Nobody wants to spend money to save it, but that is what happens with many types of investments that charges fees. One way to avoid these fees is through dividend reinvestment plans or DRIPs. This investing eliminates the middleman and builds good, long-term investing habits.
DRIPs are a way for investors to purchase shares with dividends directly from a company. By doing so, these investors can avoid the broker fees that, while they may not seem like a lot, can actually have a significant negative impact on returns when compounding effects are taken into account.
All the dividends are reinvested in additional shares (thus a drip effect of a constantly growing investment). It is also possible to add to the investments with cash payments. The minimum purchase can be as low as $10 with fractional shares acquired when the amount is not enough for a whole share.
Over 1000 companies, (often very well known) in the US and abroad, offer DRIP investing. Some of these companies give discounts of between 3-5% and even 10% in some cases.
Who Is DRIP investing for?
DRIP investing is best for those who are looking for long-term investments, and those seeking to invest small amounts efficiently. While it generally requires some homework to find the right ones, DRIPs allow investors to put every dollar they have to work for them.
Advantages of DRIP investing
- They have low minimums and, therefore, can be started with small initial investments.
- While some companies charge fees, the middleman broker is cut out and more of one’s investment dollar can go to work earning returns.
- The automatic reinvestment keeps the money working for the investors as well as prevents it from being spent.
- Over 100 companies offer discounts on their stocks.
Disadvantages of DRIP investing
- Since investors are only buying shares in a single or limited number of companies, DRIP investing does not offer the diversity that is recommended for most people. For greater diversity at low cost, exchange traded funds are an investment to consider.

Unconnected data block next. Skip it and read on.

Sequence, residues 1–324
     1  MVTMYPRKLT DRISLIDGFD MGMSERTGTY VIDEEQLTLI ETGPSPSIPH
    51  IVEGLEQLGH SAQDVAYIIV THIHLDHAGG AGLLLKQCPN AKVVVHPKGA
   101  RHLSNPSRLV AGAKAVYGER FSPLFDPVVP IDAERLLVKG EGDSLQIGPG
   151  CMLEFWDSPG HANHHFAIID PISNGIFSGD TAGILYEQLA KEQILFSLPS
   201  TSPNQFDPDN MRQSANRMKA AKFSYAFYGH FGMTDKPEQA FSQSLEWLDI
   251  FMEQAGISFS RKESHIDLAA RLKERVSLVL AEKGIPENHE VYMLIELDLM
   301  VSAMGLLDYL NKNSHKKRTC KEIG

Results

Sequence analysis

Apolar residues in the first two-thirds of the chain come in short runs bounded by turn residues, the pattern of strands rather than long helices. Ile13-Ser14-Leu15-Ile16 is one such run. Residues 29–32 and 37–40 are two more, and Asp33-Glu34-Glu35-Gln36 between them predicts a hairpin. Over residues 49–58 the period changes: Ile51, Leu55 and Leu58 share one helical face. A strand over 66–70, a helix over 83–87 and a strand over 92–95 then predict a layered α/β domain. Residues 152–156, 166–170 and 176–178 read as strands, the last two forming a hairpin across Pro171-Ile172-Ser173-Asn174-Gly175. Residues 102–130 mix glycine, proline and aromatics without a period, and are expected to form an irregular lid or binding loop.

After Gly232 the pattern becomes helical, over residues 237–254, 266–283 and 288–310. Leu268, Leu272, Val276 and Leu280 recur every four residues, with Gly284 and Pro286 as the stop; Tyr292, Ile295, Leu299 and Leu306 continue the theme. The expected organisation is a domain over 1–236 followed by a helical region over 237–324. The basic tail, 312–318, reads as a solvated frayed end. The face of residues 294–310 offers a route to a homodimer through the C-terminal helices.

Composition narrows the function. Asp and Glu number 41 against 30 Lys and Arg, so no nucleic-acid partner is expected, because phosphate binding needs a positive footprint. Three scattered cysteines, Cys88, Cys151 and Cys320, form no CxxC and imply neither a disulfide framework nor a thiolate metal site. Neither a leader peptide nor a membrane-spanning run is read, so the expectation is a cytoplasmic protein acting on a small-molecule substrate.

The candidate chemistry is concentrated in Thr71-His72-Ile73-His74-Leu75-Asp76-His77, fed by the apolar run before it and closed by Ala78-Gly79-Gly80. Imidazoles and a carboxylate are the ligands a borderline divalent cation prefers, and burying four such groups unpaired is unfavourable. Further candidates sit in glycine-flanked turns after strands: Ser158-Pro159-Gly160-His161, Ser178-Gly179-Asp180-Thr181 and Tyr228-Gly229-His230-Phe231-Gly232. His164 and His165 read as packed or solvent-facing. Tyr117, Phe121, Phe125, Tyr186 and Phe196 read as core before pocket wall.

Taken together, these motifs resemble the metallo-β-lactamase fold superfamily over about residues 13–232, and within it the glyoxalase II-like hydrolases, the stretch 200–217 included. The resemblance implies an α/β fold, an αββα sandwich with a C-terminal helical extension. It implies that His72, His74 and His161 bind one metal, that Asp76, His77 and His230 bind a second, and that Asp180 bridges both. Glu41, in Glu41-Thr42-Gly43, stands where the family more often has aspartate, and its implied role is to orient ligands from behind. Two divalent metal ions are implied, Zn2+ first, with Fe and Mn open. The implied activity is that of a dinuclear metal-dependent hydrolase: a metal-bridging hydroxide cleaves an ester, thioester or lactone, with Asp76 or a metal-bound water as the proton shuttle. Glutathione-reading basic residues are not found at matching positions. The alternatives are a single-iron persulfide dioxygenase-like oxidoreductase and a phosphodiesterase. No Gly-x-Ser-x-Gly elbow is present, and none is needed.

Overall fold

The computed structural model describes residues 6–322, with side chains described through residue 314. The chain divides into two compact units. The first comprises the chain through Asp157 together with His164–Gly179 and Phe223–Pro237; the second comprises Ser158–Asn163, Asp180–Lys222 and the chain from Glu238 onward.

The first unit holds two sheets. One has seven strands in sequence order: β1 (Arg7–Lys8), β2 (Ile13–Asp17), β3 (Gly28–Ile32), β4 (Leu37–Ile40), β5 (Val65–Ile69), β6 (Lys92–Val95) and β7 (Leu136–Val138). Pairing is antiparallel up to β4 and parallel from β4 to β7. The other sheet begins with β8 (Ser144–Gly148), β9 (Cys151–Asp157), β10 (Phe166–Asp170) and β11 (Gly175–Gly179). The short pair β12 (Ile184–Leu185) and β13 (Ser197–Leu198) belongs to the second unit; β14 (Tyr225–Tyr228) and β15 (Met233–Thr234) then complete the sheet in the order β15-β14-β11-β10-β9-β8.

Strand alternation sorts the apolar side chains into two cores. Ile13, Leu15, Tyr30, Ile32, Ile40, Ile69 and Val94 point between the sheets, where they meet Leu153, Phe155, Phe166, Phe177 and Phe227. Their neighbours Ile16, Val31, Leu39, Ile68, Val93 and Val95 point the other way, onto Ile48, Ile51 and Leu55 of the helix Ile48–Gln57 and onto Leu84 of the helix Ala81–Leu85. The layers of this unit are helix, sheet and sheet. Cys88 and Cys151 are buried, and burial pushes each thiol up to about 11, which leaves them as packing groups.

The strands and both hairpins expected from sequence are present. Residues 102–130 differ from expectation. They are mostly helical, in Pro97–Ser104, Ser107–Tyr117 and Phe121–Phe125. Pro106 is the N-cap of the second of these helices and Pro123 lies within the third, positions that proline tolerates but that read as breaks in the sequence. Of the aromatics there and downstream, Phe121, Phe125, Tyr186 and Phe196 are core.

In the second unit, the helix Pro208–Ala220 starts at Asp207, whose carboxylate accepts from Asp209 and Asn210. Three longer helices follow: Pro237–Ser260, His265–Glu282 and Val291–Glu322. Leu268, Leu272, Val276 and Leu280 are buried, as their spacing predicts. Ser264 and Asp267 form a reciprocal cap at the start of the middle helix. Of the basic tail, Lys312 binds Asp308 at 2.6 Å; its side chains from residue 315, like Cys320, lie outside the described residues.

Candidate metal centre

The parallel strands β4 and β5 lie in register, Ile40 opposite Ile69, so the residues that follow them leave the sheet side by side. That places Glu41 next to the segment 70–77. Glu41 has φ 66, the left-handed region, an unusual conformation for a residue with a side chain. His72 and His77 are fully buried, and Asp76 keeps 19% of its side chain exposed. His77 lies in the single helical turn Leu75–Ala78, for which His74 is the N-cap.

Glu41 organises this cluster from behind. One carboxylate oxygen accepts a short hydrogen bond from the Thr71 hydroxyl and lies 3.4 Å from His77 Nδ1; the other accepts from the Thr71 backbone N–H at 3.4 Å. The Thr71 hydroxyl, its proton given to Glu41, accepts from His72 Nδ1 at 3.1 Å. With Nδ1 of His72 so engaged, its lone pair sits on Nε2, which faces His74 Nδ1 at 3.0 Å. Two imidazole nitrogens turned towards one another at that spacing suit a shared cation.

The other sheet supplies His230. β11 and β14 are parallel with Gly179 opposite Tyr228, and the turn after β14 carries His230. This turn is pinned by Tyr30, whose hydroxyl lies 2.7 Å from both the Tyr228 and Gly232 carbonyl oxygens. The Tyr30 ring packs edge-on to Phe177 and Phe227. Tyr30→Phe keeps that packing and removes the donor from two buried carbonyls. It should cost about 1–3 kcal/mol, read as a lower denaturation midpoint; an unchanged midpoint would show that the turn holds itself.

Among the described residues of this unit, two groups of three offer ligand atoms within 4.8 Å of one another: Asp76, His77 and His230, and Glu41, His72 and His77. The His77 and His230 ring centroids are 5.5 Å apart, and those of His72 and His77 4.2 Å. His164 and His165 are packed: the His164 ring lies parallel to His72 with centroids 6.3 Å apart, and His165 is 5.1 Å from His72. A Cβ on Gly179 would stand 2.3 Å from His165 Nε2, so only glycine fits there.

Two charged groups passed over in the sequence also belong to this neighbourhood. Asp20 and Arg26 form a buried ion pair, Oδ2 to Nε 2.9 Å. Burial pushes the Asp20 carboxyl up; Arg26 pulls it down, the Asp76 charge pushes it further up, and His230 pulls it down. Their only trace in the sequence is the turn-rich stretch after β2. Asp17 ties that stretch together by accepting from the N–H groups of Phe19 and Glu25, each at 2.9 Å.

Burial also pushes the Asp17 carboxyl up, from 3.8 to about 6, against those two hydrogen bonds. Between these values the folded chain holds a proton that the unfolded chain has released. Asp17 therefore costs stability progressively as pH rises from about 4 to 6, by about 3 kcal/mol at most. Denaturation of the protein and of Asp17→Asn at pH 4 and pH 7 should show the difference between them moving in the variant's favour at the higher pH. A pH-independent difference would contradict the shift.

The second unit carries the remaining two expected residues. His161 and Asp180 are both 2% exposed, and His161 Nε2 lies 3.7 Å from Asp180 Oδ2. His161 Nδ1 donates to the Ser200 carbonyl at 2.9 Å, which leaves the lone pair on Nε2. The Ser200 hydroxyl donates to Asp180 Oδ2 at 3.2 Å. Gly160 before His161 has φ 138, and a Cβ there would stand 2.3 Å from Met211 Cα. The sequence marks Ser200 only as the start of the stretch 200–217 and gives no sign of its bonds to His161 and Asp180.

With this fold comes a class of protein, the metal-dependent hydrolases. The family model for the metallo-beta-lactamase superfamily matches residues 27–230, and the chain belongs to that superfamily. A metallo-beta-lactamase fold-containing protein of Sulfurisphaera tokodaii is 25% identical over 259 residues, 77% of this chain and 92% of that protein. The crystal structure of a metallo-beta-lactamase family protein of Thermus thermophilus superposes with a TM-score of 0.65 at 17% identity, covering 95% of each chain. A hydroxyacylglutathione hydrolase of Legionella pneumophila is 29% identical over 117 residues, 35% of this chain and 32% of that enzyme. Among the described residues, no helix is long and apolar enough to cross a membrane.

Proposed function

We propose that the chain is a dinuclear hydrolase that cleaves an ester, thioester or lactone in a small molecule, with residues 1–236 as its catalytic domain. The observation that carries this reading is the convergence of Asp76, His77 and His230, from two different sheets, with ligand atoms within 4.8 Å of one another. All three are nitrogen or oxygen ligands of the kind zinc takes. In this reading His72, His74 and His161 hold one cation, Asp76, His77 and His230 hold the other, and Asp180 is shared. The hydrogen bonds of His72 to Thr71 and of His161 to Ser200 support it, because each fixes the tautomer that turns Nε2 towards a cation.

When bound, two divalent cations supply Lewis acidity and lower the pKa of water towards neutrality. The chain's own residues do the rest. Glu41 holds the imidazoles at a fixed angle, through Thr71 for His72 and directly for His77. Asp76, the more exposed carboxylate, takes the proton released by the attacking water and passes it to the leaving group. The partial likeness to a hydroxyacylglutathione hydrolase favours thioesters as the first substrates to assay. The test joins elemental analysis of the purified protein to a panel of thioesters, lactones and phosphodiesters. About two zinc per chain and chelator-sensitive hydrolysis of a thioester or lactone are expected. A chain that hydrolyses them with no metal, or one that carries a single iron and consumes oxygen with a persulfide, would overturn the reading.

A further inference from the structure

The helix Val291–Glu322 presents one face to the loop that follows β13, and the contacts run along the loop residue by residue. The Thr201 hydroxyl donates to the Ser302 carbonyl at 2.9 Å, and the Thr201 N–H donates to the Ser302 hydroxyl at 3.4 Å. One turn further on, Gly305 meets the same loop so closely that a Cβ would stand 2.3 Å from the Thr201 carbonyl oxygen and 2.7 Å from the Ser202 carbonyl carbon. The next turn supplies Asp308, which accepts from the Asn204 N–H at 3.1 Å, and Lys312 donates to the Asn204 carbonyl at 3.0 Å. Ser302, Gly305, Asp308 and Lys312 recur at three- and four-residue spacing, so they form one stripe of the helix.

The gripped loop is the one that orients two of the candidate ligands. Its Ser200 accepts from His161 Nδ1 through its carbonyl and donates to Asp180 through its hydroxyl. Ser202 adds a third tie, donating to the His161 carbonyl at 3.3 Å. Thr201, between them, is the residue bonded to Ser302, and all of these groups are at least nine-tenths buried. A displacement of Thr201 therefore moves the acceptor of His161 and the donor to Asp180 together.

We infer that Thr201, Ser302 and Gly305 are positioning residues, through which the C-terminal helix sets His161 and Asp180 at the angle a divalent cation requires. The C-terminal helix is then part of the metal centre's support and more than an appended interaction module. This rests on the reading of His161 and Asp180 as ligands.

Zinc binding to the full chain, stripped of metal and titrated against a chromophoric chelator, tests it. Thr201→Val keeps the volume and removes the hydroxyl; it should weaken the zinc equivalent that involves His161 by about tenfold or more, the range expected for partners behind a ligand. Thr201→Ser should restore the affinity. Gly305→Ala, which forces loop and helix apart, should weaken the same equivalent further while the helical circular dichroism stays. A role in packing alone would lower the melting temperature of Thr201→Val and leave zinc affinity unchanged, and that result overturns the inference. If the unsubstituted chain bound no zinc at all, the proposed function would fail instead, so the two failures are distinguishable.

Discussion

- Due to the nature of DRIP investing, it is usually impossible to sell these shares on short notice when the market is heading south or to time purchases in periods when the stock is down and offers a good buying opportunity.
Getting started in DRIP investing
It is first necessary to find companies that offer DRIP investing. For the best returns, look for stocks with a history of dividend growth. Everyone has different investment goals and circumstances, so it is necessary for investors to do their homework when they make their picks.
After picking out promising companies with DRIP programs, contact them for applications and prospects. It is important to know all the details about their programs before deciding to include maximum/minimum investments, edibility requirements and of course fees.
With the requirement to own at least one share in the company to participate in a DRIP plan, it may be necessary to use the services of a broker for the initial investment. It is also sometimes possible to get the initial shares through no-load mutual funds. In other cases, there is the option to use a direct stock purchase plan (DSP). These plans allow investors to directly purchase a company’s stock. However, keep in mind that some companies that offer DSPs do not pay dividends and thus cannot offer DRIPs.
Pointers in DRIP investing
Keep in mind that shares will need to be purchased under the investor’s name and not the street name as brokers often do.
Be watchful of fees. While there are no broker fees, some companies charge every time an investment is made. For those making regular investments of small amounts, this can add up to a lot of the investment money being lost. Those making these types of investments should either pick a company that does not charge fees or make less frequent investments but with larger amounts.
While stock is best thought of as long-term investment for the vast majority of shareholders, this is especially true in DRIP investing. Be prepared for the long haul and avoid short-term outlooks.
Types of DRIPs
There are three major types of DRIPs distinguished by the way they are run.
- Transfer agent: Since it is inefficient for most companies to run their own programs, many companies use what are called transfer agents to manage their DRIPs for them.
- Company: Some companies take it on themselves and run their own programs.
- Brokerage: While these are not formal DRIPs, brokerages will sometimes allow dividends to be reinvested at no cost. However, they do not allow cash purchases of shares without incurring fees.